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Here's a little something to help turn the page from last night. As you know, Travis Outlaw has...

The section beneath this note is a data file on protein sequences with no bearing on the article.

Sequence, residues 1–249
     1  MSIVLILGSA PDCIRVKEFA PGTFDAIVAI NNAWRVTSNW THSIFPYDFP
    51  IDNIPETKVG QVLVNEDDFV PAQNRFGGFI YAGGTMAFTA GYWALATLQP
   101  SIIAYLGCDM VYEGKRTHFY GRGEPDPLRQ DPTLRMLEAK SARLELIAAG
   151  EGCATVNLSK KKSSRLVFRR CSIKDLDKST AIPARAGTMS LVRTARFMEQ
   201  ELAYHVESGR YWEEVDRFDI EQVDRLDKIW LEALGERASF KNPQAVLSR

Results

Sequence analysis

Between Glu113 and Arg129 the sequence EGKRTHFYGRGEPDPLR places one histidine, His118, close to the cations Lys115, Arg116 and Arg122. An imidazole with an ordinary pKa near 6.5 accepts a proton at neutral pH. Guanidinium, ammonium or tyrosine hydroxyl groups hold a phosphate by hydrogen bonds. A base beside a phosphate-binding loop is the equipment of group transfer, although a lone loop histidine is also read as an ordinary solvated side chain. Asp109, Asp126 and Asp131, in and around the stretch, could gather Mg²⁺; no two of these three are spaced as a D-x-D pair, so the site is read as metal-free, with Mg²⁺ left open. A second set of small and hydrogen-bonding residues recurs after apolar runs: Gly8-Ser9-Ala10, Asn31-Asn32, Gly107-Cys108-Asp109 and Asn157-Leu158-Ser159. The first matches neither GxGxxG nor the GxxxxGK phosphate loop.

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Here's a little something to help turn the page from last night. As you know, Travis Outlaw has been rehabbing from a foot injury and is set to return within the next month or so. As has been reported, Outlaw has been working under the supervision of Assistant Coach Monty Williams. I thought I'd give you a diagram of one of the drills he was working on last week. In the picture, the orange dots are cones that Williams set up roughly 8-10 feet from the rim to represent a screener. The Blue figure 8 represents the path that Outlaw runs. The hard blue lines is where he would run and cut at full speed, the dashed blue lines is where he would go roughly 1/2 speed, as if setting up his man for a screen. The Black spots are where Outlaw would receive a pass, as he comes curling off a screen, and take the no-dribble shot. The coach serves as the passer stands at the top of the key. The beauty of this drill is its simplicity and versatility. All Williams needs is 2 cones, 2 basketballs and a ball shagger. No fancy equipment whatsoever. A coach might teach this to middle schoolers in less than 2 minutes. While simple, there are a number of benefits to this drill, especially for a player coming off an injury. First, there's the endurance factor. The coach can challenge the player to make X number of shots or continue through the drill for X number of minutes. As it is continuous movement a fatigue factor sets in, which is great for development. Second, there's the change of pace and footwork involved in navigating the cones as well as learning to naturally find the spot on the court. As the player runs through the drill a few times, the coach might insist that the player keep eye contact on the ball handler as he weaves through the drill rather than looking down at the cones or at his feet. Third the shots are taken in game-like situations and are taken on the move. Coming back from a foot injury can be as much mental as physical (trusting your feet in various situations). Regularly shooting on the move during practice helps build a player's comfort level mentally for game situations. Of course, the cones can be moved around the court to work (up towards the foul line or out towards the baseline) on specific areas of focus too. The Blazers coaches usually keep counts of how a player is shooting as he works through a drill like this. Generally they just count makes. Sometimes players are instructed to keep their own counts to make sure they maintain focus or are paying attention in group drills. -- Ben Golliver | benjamin.golliver@gmail.com | Twitter

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